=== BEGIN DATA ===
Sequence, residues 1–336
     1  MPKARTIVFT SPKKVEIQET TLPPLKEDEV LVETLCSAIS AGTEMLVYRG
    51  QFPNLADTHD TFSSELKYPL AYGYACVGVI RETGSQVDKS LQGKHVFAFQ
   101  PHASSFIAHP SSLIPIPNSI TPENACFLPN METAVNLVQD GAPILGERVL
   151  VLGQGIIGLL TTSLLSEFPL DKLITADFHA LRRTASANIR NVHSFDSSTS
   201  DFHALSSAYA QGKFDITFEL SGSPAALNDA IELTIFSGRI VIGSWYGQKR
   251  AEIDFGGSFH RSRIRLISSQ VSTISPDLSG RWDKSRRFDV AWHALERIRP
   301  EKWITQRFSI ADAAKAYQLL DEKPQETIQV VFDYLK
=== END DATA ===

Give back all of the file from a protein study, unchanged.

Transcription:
Sequence, residues 1–336
     1  MPKARTIVFT SPKKVEIQET TLPPLKEDEV LVETLCSAIS AGTEMLVYRG
    51  QFPNLADTHD TFSSELKYPL AYGYACVGVI RETGSQVDKS LQGKHVFAFQ
   101  PHASSFIAHP SSLIPIPNSI TPENACFLPN METAVNLVQD GAPILGERVL
   151  VLGQGIIGLL TTSLLSEFPL DKLITADFHA LRRTASANIR NVHSFDSSTS
   201  DFHALSSAYA QGKFDITFEL SGSPAALNDA IELTIFSGRI VIGSWYGQKR
   251  AEIDFGGSFH RSRIRLISSQ VSTISPDLSG RWDKSRRFDV AWHALERIRP
   301  EKWITQRFSI ADAAKAYQLL DEKPQETIQV VFDYLK